Posted by: 3pomjaeger3 | 23 August 2013

23 August: Wow, raptors to count!

ImageThe weather was again interesting today, with the highlight being this water spout generated by a thunderstorm just to our NW on Trinity Bay this afternoon.  All photographs are copyright 23 August 2013 by Tony Leukering.

Winnie Burkett joined me for most of the day, or I joined her, as she beat me to the tower by more than an hour.  It’s always fun to share the tower with her, as our conversations are great!  Passerines were, again, slim on the ground and in the air, except for the ubiquitous Blue-gray Gnatcatcher, of which I tallied a season-high 193!  Well, and swallows, of which at least 1000 were noted, with Barn and Cliff accounting for nearly all of those.  Bank Swallow numbers rose again, to 18 today, though there may well have been more in the afternoon, when swallows and gnatcatchers were flying by in numbers.

ImageOne of the 18+ Bank Swallows tallied from the tower today.

Flycatcher diversity continues at a reasonable level, with at least one Olive-sided Flycatcher remaining, while a small number of Eastern Kingbirds, a couple each of Great Crested and Alder flycatchers, and a Least Flycatcher rounded out the contributions to the daily list by the Tyrannidae.  While the number of hummingbirds at the tower’s feeders is not all that high, there was some exciting action today.  While I did not see the long-billed Archilochus hummer today, yesterday’s immature male Rufous continued, and got into a number of aerial battles with various of the Ruby-throateds.  Of course, the Ruby-throateds did not need to have the Rufous around to have battles among themselves!

ImageImage The large-waterbird show was somewhat diverse, but not all that exciting numbers-wise, though the flock of 173 Anhinga caused the eBird filter conniptions.  However, Magnificent Frigatebirds continue to please, with the count of 31 including a tight kettle of 15 high out in front.  Four Upland Sandpiper detections of at least four Upland Sandpipers (the only one seen was by itself), a flock of seven Black Terns, and a flock of 12 Least Sandpipers that went north right past the tower in the late afternoon accounted for the small-waterbird highlights.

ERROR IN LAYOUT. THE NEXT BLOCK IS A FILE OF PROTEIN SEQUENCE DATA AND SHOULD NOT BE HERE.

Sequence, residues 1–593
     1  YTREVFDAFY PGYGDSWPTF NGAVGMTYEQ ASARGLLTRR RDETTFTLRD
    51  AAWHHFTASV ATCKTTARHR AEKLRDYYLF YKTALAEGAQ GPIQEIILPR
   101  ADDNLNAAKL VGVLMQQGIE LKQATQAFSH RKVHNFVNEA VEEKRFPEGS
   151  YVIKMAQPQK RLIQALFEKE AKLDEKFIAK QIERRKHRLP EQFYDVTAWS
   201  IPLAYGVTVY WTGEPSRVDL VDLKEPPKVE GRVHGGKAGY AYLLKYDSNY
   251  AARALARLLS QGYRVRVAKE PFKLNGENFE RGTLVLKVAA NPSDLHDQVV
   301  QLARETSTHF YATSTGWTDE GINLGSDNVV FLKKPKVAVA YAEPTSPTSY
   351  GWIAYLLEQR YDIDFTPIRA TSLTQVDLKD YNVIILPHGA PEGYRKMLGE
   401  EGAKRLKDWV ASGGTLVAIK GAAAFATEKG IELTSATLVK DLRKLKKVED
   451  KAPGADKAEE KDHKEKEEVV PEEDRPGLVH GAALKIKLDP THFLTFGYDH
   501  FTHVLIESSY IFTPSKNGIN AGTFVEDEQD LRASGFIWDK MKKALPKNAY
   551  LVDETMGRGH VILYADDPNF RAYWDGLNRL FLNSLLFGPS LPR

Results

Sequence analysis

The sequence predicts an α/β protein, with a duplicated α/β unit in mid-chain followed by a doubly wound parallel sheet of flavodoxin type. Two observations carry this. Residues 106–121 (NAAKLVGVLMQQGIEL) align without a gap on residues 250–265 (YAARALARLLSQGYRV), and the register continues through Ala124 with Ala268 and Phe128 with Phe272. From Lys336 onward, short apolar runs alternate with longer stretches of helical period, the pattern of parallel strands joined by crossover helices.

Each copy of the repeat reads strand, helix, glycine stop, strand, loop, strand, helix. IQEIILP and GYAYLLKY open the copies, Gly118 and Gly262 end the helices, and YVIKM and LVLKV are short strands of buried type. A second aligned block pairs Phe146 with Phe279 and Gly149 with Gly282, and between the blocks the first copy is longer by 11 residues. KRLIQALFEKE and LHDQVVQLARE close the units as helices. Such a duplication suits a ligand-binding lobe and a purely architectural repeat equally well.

Dragonflies put on another show, but not of the magnitude of last weekend.  I continue to find Striped Saddlebags (a tropical immigrant) daily among the hordes or hordes of hordes of Wandering and Spot-winged gliders, Red and Black Saddlebags, and Common Green Darners.  Today, though, I finally managed to get a picture of a Four-spotted Pennant flying over the tower, something I’ve been hoping/trying to do since arriving nearly two weeks ago.

ImageUnlike the various saddlebags and gliders, Four-spotted Pennant is not well-known as a migrant and, with no water in the tower pond, there is not a population of breeders of the species in the Abshier WMA.

Now, to the main show (I am supposed to be counting migrating raptors!).  Today provided a raptor flight.  In fact, today’s flight was the third-best that I’ve counted this fall, with four species providing the counting action, though another five species were present (Black and Turkey vultures, Red-shouldered and Red-tailed hawks (one juvenile each), and Crested Caracara (two first thing in the morning).  The highlight and was provided by the Bird of the Day, a very high duo of Swallow-tailed Kites that almost slipped by Winnie and me until being found off to the west heading to the SW.

Raptors counted:

  • Swallow-tailed Kite – 2
  • Mississippi Kite – 4 (juveniles)
  • Cooper’s Hawk – 2 (juveniles)
  • Broad-winged Hawk – 6 (juveniles)
  • Total – 14

Today’s eBird checklist


Leave a Reply

Fill in your details below or click an icon to log in: Logo

You are commenting using your account. Log Out / Change )

Twitter picture

You are commenting using your Twitter account. Log Out / Change )

Facebook photo

You are commenting using your Facebook account. Log Out / Change )

Google+ photo

You are commenting using your Google+ account. Log Out / Change )

Connecting to %s


%d bloggers like this: